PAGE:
We clean our streets

“I will entrust the new government to perform in ways that will achieve the legitimate rights of the people and that its performance should express the people and their aspirations of political, social and economic reform and to allow job opportunities and combating poverty, realising social justice. In this context, I charge the police apparatus to carry out its duty in serving the people, protecting the citizens with integrity and honour with complete respect for their rights, freedom and dignity. I also demand the judicial and supervisory authorities to take immediately the necessary measures to continue pursuing outlaws and to investigate those who caused the security disarray and those who undertook acts of theft, looting and setting fires and terrorising citizens.”
  • Maybe Mubarak entrusts the new government with certain duties, but the people of Egypt do not trust them to carry them out. Why should they trust them now? When they lied and corrupted our country for so long? The judges were out there protesting and chanting with the people who want to change the entire regime. The people they need to investigate are the ministry of interior. They need to be asked why the entire police force was off the streets in one second, and why they were given orders to attack houses.

“This is my pledge to the people during the last remaining  months of my current term. I ask God to help me to honour this pledge to complete my vocation to Egypt and its people in what satisfies God, the nation and its people. Dear citizens, Egypt will emerge from these current circumstances stronger, more confident and unified and stable. And our people will emerge with more awareness of how to achieve reconciliation and be more determined not to undermine its future and destiny. Hosni Mubarak who speaks to you today is proud of the long years he spent in the service of Egypt and its people. This dear nation is my country, it is the country of all Egyptians, here I have lived and fought for its sake and I defended its land, its sovereignty and interests and on this land I will die and history will judge me and others for our merits and faults. The nation remains. Visitors come and go but ancient Egypt will remain eternal, its banner and safekeeping will pass from one generation to the next. It is up to us to ensure this in pride and dignity.”

"Control your thugs Mubarak"

I won’t even comment on this last paragraph since it is just insulting to our intelligence. Here are some of the points Mubarak’s speech failed to address:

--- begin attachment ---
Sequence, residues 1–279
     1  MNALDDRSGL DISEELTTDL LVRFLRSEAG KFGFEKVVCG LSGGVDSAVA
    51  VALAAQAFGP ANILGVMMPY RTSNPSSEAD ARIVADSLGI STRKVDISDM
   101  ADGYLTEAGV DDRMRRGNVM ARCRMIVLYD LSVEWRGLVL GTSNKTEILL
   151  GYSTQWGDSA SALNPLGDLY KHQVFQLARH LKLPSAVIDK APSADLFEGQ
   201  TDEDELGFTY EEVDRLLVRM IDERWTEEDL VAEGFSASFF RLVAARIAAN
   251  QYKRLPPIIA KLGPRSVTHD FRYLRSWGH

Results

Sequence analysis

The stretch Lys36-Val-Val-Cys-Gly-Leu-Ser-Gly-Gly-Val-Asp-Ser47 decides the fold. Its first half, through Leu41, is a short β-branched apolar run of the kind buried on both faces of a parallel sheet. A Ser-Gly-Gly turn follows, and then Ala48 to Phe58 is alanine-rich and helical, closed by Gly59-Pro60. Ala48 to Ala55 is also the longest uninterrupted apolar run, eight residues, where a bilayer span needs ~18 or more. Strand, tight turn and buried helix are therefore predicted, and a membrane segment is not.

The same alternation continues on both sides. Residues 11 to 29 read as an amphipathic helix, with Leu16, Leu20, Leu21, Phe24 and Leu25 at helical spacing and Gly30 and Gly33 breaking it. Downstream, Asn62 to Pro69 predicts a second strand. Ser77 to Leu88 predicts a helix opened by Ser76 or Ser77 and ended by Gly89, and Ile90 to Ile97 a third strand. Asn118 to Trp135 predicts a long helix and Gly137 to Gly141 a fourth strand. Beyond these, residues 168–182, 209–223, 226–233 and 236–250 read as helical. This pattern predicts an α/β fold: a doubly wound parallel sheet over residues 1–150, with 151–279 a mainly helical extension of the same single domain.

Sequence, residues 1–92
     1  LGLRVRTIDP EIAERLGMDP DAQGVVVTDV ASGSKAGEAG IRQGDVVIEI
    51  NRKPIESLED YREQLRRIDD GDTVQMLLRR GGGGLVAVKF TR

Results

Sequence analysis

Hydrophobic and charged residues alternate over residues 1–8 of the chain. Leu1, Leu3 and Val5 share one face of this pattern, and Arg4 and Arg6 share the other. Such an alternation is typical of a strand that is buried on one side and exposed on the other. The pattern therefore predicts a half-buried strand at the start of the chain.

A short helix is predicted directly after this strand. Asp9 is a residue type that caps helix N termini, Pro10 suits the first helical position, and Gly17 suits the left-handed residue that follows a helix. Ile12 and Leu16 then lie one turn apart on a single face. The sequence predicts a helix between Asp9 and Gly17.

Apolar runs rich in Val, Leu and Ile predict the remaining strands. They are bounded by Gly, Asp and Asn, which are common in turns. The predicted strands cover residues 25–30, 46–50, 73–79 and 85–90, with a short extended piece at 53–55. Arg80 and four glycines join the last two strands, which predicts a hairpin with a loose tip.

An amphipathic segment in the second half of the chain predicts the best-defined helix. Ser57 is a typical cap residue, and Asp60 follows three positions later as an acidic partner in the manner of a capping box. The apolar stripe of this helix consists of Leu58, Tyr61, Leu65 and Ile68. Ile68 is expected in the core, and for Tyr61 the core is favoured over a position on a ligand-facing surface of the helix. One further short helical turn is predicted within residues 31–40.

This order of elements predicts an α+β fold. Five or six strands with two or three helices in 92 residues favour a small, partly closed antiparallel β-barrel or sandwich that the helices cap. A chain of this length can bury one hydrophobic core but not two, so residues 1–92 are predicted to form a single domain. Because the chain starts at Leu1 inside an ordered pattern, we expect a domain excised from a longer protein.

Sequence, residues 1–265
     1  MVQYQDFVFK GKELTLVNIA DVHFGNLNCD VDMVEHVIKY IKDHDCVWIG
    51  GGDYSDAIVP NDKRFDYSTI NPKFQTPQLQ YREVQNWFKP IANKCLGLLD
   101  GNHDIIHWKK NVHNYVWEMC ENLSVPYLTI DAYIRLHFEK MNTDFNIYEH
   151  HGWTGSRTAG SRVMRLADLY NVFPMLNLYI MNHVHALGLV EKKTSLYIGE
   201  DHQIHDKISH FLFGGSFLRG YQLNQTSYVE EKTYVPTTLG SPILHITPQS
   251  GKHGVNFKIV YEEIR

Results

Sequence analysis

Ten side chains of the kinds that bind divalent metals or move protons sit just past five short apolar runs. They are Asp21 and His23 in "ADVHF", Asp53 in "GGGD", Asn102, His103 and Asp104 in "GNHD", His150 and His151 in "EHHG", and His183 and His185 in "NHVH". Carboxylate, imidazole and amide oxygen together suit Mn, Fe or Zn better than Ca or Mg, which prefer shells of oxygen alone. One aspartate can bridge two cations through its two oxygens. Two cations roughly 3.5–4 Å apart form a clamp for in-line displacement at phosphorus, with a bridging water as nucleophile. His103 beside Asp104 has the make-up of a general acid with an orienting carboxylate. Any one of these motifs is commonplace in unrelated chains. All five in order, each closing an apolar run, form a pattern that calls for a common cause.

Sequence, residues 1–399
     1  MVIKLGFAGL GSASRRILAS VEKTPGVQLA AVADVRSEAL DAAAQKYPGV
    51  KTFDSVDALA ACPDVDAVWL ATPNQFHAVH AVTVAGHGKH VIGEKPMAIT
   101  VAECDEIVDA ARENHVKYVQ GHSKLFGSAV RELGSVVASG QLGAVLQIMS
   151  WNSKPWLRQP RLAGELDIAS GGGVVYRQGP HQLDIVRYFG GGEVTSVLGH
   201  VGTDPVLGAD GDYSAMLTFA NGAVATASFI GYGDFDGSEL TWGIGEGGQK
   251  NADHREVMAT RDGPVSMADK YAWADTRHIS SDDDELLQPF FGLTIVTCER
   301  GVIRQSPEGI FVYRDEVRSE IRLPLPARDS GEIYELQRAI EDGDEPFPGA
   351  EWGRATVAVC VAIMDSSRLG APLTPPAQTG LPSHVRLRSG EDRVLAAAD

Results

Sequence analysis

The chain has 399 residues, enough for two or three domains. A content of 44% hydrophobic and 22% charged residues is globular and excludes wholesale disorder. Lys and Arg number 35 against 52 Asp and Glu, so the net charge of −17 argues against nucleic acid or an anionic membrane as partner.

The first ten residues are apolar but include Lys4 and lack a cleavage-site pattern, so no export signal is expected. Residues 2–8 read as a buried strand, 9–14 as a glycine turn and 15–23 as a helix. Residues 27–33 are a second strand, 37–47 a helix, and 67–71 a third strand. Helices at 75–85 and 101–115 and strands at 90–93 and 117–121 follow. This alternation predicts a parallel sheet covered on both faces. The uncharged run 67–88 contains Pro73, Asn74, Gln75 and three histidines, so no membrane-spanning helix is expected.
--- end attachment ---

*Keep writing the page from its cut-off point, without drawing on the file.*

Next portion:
• What about freedom of expression? The internet and sms services have been off for days. SMS services are still off and last Friday mobile phones were off. The Egyptian media channels are not portraying the truth behind what is happening, and channels who were portraying the truth (to a large extent anyway) like AlJazeerah were shut down. He did not even address this issue which not only weakens his position but also makes people wonder.
  • What about political freedom? There is so much restrictions on forming political organiations and parties. Actually you need the government’s permission to do that. Is that really a democracy? How is this not part of the reform he mentioned?
  • What about Emergency law? Egypt has been under a state of emergency for thirty years since Anwar El Saddat was murdered and he took over as president. He made no comments of lifting the state of emergency or even plans to take care of it in the future.
  • What about the fact that the thugs turned out to be police affiliates? The looting and thugs that have been roaming the streets the past days, many of them turned out to be policemen. One eye witness I talked to in Tahrir two days ago told me they caught one under their house and he told them he was “following orders”.

The Waving Flag

This man took no responsibility for any of the events taking place the past days, and pinned it all on opposition and protestors. He did not even take responsibility for being the head of such a corrupt government that caused the first real Egyptian grassroots movement.

He is now trying to cause chaos in the country, trying to divide us. We cannot let him manipulate us. We cannot let him win. If we want change this man needs to not only leave his position, but he and his corrupt government need to be prosecuted for their crimes.